Grant will help professor develop battery to aid home energy use
[Originally posted by Vanderbilt School of Engineering News]
Peter Pintauro, H. Eugene McBrayer Professor of Chemical Engineering and chair of the
chemical and biomolecular engineering department, has partnered with researchers from the University of Kansas and TVN Systems, Inc. on a three-year, $1.72 million grant from the Advanced Research Projects Agency-Energy (ARPA-E) of the U.S. Department of Energy to develop a durable, low-cost battery capable of gathering power at off-peak hours and storing it for use during times of high demand.
Research from this project has the potential to reduce stress on the nation’s strained power grid and increase energy savings for consumers. The project is one of 19 transformative new projects that will receive a total of $43 million in funding from ARPA-E to leverage the nation’s brightest scientists, engineers and entrepreneurs to develop breakthrough energy storage technologies and support promising small businesses.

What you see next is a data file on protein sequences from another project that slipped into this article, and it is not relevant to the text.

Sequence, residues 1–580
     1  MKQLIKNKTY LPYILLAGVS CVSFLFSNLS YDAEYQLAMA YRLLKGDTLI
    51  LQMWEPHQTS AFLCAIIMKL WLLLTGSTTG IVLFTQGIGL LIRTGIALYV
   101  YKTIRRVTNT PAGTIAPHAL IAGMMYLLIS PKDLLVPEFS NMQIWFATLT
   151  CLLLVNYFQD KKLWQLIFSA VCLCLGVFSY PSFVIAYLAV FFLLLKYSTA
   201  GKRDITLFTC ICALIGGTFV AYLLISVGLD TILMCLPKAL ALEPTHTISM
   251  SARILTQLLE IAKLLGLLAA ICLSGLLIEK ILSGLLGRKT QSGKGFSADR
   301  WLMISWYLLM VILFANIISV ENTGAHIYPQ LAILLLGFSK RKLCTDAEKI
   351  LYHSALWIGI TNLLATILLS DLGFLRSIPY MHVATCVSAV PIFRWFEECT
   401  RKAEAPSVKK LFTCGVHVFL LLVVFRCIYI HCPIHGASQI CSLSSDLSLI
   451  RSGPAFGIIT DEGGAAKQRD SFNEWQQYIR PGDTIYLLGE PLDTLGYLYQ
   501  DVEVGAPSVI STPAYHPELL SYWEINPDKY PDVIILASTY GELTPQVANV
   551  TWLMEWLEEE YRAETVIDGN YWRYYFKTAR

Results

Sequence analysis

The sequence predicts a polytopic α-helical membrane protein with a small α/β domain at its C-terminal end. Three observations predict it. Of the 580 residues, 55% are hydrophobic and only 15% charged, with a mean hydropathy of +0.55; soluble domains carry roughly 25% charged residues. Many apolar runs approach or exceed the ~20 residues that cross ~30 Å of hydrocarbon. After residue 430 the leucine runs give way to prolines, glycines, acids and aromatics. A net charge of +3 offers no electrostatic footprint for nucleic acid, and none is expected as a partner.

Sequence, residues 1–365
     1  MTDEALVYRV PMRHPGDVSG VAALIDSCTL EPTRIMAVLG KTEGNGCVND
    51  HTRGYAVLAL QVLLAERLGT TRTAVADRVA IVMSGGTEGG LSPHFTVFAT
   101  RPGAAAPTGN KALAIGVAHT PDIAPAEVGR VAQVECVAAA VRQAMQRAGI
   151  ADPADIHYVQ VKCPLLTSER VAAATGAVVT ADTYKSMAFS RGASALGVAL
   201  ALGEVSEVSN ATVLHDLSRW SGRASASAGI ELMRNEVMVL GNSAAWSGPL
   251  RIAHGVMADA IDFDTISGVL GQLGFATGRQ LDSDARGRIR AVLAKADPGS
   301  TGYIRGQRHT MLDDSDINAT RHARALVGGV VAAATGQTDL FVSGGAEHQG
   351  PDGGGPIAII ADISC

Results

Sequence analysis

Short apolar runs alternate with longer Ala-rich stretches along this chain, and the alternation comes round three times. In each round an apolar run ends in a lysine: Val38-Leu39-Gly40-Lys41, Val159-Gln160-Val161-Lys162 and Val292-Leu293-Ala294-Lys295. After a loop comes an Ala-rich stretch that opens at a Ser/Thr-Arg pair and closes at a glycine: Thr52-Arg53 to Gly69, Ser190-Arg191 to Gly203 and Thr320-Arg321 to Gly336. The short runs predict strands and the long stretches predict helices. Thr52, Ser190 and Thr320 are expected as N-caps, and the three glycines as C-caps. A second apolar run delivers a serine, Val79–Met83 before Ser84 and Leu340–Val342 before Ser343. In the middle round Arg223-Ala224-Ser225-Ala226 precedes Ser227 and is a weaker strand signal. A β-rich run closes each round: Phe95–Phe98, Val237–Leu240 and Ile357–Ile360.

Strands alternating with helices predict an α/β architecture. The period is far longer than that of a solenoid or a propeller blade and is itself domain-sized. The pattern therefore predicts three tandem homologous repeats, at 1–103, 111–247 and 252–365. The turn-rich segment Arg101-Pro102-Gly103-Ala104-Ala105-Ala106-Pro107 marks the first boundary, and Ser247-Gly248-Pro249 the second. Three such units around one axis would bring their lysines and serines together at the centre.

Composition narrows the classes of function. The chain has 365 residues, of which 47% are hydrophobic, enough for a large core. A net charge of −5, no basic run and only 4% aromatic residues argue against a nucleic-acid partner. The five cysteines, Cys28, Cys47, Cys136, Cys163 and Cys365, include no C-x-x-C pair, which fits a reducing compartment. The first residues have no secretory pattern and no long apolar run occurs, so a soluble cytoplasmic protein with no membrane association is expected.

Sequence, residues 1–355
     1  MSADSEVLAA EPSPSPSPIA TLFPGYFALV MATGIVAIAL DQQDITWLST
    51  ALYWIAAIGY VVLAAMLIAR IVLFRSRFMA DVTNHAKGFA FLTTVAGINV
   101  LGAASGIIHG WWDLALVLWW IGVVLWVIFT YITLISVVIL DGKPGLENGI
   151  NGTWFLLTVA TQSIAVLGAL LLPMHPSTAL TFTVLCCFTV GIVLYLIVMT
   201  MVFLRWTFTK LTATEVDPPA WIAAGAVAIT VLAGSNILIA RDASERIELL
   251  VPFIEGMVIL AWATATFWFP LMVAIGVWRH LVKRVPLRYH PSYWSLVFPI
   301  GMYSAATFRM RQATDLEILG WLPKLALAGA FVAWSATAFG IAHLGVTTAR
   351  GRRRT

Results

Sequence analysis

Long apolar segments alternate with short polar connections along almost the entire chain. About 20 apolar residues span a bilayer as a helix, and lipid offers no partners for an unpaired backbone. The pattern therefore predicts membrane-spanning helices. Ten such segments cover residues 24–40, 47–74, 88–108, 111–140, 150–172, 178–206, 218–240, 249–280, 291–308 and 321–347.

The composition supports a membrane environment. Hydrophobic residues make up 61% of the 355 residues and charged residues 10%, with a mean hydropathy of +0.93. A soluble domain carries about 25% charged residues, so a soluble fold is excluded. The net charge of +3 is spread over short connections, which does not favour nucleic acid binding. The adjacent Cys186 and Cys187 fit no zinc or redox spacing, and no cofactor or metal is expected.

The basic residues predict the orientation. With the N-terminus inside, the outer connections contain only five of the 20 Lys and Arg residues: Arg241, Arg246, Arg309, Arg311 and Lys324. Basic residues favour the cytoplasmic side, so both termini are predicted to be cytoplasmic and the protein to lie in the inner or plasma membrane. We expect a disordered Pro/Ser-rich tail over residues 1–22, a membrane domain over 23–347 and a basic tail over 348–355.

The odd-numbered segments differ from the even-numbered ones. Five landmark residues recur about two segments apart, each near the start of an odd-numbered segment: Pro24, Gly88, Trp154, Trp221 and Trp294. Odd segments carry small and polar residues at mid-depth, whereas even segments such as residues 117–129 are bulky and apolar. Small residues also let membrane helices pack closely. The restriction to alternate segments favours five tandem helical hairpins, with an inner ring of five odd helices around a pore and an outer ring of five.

This grant seeks to transition energy storage technology from the laboratory to industry and builds on new knowledge and materials that were discovered through a $2 million National Science Foundation grant that University of Kansas School of Engineering professor Trung Van Nguyen and other collaborators received in 2010 to develop flow battery technologies.
Among other key areas for improvement, the Energy Department has identified energy storage at the community and residential level as a main goal. The team is researching a battery that could be manufactured for use in households for around $1,000.
The battery would be installed during new home construction or major renovation. The idea is to safely enclose it in a 3-foot by 3-foot strongbox and then bury it in the ground. It would be self-contained and could store enough charge to last about four hours while creating no waste or byproducts.
The team is set to officially receive the grant and begin work on the project starting early October.